About Pioneer

Mission
Pioneer Institute develops and communicates dynamic ideas that advance prosperity and a vibrant civic life in Massachusetts and beyond.

Vision
Success for Pioneer is when the citizens of our state and nation prosper and our society thrives because we enjoy world-class options in education, healthcare, transportation and economic opportunity, and when our government is limited, accountable and transparent.

Values
Pioneer believes that America is at its best when our citizenry is well-educated, committed to liberty, personal responsibility, and free enterprise, and both willing and able to test their beliefs based on facts and the free exchange of ideas.

Get Updates On Our Healthcare Research and Events!


Related Posts:

Why did some nursing homes experience more COVID-19 deaths and infections than others?

/
The COVID-19 pandemic has caused great loss for Massachusetts…

Why does a gender-gap persist in vaccination rates?

/
Men are more likely to die of COVID-19 than women: 13 men die…

Alzheimer Breakthrough Disillusionment: Confusion on FDA’s Approval of Expensive and Possibly Ineffective Drug

Hubwonk host Joe Selvaggi talks with precision medicine expert Hannah Mamuszka and Pioneer Institute's Bill Smith about the promises and pitfalls of the newly approved Alzheimer’s drug Aduhelm, and the challenges presented when new, expensive drugs of dubious benefit are introduced to the nation’s formulary.

Comparing Covid-19 Vaccination and New Infection Rates in Suffolk County: Is Vaccination Working?

/
Massachusetts ranks fourth nationally for the highest percent…

Dr. Babak Movassaghi on Winning in Football & Healthcare Innovation

/
This week on JobMakers, Host Denzil Mohammed talks with Dr. Babak Movassaghi, founder of InfiniteMD (acquired last summer by ConsumerMedical), which connects patients with top U.S. medical professionals through second-opinion video consultations, guiding patients to better care. When the world shut down due to COVID-19, Dr. Movassaghi's company was already prepared to serve patients via telehealth. In this episode, they discuss his fascinating pivot from physics and professional football in Germany, to healthcare and innovation here in the U.S., an extension of his ability to navigate multiple identities as an Iranian-German living the American Dream.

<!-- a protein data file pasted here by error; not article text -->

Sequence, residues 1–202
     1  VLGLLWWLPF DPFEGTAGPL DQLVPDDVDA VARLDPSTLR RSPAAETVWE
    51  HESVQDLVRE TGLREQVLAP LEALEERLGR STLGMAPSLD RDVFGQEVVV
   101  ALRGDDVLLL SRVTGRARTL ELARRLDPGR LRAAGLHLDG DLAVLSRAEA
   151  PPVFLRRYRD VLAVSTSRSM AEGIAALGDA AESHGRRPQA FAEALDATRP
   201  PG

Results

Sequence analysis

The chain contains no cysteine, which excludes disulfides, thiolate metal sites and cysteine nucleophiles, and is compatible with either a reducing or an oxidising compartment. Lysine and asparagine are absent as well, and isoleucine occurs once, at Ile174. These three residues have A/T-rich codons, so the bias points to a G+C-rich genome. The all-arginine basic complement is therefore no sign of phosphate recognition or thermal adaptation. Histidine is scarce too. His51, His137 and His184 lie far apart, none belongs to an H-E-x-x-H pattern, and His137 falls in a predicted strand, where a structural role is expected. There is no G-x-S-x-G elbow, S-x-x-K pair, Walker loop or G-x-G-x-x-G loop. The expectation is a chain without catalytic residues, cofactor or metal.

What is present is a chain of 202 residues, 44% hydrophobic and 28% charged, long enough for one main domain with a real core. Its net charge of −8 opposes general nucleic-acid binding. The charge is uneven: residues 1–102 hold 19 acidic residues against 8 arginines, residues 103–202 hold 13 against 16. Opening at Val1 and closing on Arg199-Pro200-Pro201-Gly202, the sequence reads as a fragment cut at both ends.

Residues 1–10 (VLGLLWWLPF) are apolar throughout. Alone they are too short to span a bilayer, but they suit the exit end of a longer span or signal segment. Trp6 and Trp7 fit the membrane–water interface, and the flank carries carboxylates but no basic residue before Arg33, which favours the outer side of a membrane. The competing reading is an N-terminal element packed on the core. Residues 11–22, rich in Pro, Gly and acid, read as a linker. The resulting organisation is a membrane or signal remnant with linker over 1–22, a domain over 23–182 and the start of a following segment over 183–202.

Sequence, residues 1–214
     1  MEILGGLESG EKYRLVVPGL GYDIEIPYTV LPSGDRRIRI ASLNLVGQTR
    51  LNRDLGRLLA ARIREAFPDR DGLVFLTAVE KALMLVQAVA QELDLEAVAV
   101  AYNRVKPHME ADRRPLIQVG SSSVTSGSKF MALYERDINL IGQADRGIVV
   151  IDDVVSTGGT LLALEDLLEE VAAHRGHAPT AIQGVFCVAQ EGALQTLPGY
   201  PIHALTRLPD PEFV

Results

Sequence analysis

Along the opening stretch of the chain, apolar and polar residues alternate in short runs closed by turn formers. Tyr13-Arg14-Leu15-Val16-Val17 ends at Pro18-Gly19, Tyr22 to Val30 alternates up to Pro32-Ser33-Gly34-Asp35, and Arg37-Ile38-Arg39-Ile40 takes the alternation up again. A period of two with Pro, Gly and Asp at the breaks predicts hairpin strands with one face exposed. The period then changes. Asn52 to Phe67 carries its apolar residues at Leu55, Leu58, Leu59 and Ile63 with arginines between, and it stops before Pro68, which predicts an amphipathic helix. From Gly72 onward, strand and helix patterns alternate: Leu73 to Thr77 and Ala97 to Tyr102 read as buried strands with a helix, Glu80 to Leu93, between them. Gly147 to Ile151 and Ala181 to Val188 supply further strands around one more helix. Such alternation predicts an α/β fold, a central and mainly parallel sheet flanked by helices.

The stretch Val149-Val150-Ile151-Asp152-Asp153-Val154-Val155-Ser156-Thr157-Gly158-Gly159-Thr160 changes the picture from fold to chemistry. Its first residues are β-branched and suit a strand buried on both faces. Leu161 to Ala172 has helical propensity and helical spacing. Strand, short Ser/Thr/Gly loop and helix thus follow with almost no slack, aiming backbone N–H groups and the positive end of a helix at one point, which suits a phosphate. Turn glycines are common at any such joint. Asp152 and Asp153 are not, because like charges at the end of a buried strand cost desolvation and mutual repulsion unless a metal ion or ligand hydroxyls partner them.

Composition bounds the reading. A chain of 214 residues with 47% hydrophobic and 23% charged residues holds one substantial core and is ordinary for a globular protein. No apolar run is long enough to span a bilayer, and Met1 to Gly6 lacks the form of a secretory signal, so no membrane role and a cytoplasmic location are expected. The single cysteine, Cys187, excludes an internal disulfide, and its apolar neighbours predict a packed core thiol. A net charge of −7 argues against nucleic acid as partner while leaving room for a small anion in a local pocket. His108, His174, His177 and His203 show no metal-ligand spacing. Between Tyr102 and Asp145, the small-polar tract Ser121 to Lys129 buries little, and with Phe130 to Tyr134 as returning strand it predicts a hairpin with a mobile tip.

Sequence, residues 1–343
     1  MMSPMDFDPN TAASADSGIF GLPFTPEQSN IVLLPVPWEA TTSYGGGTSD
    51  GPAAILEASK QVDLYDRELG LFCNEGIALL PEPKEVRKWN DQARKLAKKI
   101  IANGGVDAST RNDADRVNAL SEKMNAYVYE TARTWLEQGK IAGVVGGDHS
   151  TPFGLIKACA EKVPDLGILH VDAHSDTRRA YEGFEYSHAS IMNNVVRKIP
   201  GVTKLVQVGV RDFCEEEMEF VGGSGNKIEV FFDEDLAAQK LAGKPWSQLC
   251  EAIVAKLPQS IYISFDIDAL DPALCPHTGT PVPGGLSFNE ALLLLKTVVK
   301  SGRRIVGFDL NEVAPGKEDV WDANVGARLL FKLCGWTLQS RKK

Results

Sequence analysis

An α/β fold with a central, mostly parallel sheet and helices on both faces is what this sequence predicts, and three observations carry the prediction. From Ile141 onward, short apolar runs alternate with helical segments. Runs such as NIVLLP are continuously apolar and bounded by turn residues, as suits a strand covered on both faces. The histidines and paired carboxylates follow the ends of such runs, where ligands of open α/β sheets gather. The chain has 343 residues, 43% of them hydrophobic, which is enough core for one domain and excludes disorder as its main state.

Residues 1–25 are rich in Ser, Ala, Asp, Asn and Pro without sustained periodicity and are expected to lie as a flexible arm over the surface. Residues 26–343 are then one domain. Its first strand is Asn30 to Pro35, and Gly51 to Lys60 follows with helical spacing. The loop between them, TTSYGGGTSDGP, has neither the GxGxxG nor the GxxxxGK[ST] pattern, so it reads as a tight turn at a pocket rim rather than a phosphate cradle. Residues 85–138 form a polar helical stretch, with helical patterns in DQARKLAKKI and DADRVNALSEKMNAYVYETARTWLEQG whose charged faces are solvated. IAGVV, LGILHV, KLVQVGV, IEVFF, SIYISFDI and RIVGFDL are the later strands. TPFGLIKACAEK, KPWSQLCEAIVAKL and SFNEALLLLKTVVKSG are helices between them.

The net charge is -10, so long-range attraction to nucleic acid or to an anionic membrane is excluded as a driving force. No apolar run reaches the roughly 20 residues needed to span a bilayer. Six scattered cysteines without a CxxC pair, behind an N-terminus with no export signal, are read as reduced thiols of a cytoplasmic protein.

Valuing Life-Saving Drugs: What is the Price of Life and Who Decides?

Hubwonk host Joe Selvaggi talks with Pioneer Institute visiting fellow Dr. Bill Smith about Quality Adjusted Life Years (QALY) standards, and the ways in which so-called objective cost-containing strategies use expert opinion to determine the value of a life and thereby disadvantage the elderly, disabled, and those with less common vulnerabilities to disease.

Study: Massachusetts Should Retain Additional Healthcare System Flexibility Granted During Pandemic

Massachusetts’ emergency declaration for COVID-19 ends on June 15, and with it some enhanced flexibility that has been allowed in the healthcare system.  Some of the added flexibility highlighted barriers that make the system more expensive, harder to access and less patient-centered, and the Commonwealth should consider permanently removing these barriers, according to a new study published by Pioneer Institute.

Ten Health Policy Changes That Should Outlive COVID-19

A new study published by Pioneer Institute recommends ten healthcare reforms allowed during COVID-19 that should remain in effect permanently, after the state's emergency declaration for COVID-19 ends on June 15. These reforms have enhanced flexibility in the healthcare system, highlighting barriers that make the system more expensive, harder to access and less patient-centered.

Origin of COVID-19: As Animal Source Evidence Eludes Scientists, Lab Leak Hypothesis Gains Purchase

This week on Hubwonk, host Joe Selvaggi talks with author and former New York Times science journalist Nicholas Wade about his recent article in the Bulletin of the Atomic Scientists on the possible origins of the SARS2 virus that caused the COVID-19 pandemic. In their conversation, they consider the possibility that, absent finding evidence of a natural jump from animals, the SAR2 virus may have come from a lab.

A Rush to Judgment on Alzheimer’s Drug

/
The Boston-based Institute for Clinical and Economic Review (ICER) sells itself as an independent source of information on the value of pharmaceuticals. But earlier this month, their bias was again evident when they tried to kneecap a drug for a dreaded disease before there’s even enough data to determine how valuable the drug really is. ICER has adopted this same strategy in the past on innovative drugs for cancer, cystic fibrosis, and other devastating diseases. This time ICER’s target is aducanumab, Biogen’s drug for Alzheimer’s disease.